Friday, July 29, 2011


Some people were born to be hermits, and I'm turning out to be one of them. Since I quit my day job nearly eight years ago, there are entire days--in the winter, sometimes entire weeks--when I don't leave our paltry four acres. I found last winter that I'd lost all my small talk: At parties, the only way I survived was by pretending I was interviewing someone and peppering him/her with questions.

Also, my greatest pleasure is when some great thing presents itself just outside the back door. In the winter, I'm happiest when the snow's deep enough that I can step off the porch, strap on my skis, and glide off into the woods. This time of year, I'm all aquiver about berries.

When you cut down a bunch of aging spruce trees, as we regretfully did the winter before last, raspberries are the first to take advantage of the sunny patch. After that the hardwood (deciduous) trees pop up, followed by softwoods. I adore berries, and especially the raspy ones, so earlier this summer I waded into the patch behind the dahlias and ruthlessly did away with anything that wasn't going to enliven my Cheerios.

Here's the result:

The corner of wood poking up from the bottom of the photo is the deck railing, so nirvana is roughly two dozen steps from my cereal bowl.

Tomorrow's breakfast and the day after's. The raspberries are being very clever about ripening--just enough ripe at one time to eat in one day. Thus avoiding the torture of jam-making, which I hope never to experience.
Blackberries will be coming along in a couple of weeks, although not where I'm accustomed to them. The patch down by the vegetable garden has been taken over by bittersweet and needs to be razed and started over. Meanwhile, so many poor old spruce have fallen down out front that there's a prolific new patch there. I'm watching them so hungrily, waiting for the first signs of ripening, that I know I'm going to wake up one morning and find a bear got them all.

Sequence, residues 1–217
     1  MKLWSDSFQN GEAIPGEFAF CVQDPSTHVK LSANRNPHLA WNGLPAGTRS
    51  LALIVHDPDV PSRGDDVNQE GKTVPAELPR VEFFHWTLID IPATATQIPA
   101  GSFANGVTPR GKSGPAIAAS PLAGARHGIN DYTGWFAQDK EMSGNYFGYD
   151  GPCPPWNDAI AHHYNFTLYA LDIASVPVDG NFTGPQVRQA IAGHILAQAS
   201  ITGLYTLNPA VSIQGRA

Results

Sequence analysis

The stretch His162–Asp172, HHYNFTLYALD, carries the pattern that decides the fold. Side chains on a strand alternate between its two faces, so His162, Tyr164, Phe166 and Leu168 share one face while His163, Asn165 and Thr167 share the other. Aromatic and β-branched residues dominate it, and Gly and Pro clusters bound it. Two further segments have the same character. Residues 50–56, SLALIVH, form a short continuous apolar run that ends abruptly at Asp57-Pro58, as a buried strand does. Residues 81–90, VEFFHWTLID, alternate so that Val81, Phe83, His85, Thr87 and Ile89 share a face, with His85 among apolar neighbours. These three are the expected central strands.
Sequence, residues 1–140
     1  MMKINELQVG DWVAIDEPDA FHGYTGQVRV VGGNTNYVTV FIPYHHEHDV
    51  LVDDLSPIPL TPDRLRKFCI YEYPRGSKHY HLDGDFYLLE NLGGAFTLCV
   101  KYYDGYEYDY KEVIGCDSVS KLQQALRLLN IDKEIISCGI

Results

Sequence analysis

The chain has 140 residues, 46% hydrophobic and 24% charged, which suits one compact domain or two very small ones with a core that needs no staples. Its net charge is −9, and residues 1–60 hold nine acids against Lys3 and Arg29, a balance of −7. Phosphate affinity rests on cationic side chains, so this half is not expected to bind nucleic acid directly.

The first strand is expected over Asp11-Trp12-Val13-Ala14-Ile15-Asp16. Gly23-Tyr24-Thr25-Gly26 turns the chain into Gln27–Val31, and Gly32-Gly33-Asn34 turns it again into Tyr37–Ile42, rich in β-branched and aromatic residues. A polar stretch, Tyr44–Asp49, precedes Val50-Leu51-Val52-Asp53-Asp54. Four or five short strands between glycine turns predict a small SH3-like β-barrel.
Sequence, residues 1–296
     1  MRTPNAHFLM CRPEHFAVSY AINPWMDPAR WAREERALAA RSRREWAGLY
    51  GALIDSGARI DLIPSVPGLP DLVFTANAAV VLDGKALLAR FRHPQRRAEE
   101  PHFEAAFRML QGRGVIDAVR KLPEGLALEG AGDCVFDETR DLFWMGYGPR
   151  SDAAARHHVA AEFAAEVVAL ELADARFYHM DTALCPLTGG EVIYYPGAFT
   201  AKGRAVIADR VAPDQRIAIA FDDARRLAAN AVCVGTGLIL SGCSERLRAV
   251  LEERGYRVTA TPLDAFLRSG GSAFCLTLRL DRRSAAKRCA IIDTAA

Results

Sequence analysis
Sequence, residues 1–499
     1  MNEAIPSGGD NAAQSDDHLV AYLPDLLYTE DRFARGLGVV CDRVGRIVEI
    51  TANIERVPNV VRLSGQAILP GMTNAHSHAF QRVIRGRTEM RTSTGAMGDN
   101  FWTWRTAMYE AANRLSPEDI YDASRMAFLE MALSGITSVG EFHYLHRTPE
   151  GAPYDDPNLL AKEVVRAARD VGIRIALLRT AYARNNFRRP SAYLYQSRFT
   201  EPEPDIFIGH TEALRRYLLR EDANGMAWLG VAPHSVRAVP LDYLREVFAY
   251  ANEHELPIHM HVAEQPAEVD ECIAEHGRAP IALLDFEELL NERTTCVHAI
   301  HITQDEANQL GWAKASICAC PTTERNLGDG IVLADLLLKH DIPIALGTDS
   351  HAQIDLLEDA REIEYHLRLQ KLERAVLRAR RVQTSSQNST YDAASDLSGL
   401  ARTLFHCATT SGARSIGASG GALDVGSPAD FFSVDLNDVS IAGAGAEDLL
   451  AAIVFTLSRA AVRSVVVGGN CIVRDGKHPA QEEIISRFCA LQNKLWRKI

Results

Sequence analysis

As I gathered this morning's cereal-garnish, it occurred to me that, if I were inclined to drone on and on about Life Lessons, a raspberry patch has them all. The best ones are on the oldest and scraggliest plants. New perspectives --bending over to look at the plants upside down, or turning to wade out of the patch past plants you've already harvested--reveal a treasure-trove that was hiding before. If you get greedy and go after more than you need, you always tip over your berry basket and lose half of what you already had. (Congress, take note.)

Fortunately, I hate Life Lessons.

The Writing Report: Still in research mode. I was struggling through A Brief History of Time, but then I met an actual physicist who assured me that it is, in fact, incomprehensible. Instead I went to the library and took out Brian Greene's The Fabric of the Cosmos: Space, Time, and the Texture of Reality, which is much more fun.  I also got Sarah Vowell's The Wordy Shipmates (about the New England Puritans), which is an absolute hoot as well as being informative.

The Knitting Report: I have to find some cotton yarn for a top-down sweater, which I have to start knitting before my friend Lisa goes home to Minnesota. If I start it without her there's a chance I'll throw the whole thing into the fire.

* A play on NIMBY , which means "not in my back yard." Around here, it usually refers to someone who loves the idea of, say, wind power, as long is it's in somebody else's neighborhood. I suspect I might be one of those, actually--I love the idea, but would hate the noise. We should put them all out at sea--it's sort of noisy out there anyway, isn't it? (Oh dear oh dear -- I bet I'm being stupid.)


Ruth said...

You're not stupid, it's called off-shore wind parks. (Believe me, the word verification says I'm an exper-t)

Anonymous said...

I didn`t think they were that noisy anyways, you must have some weird wind turbines out there.


P.S. My word verification thingie is tisat, so that reminds me of a tisket, a tasket, a green and yellow basket, so it fits in well with your post today!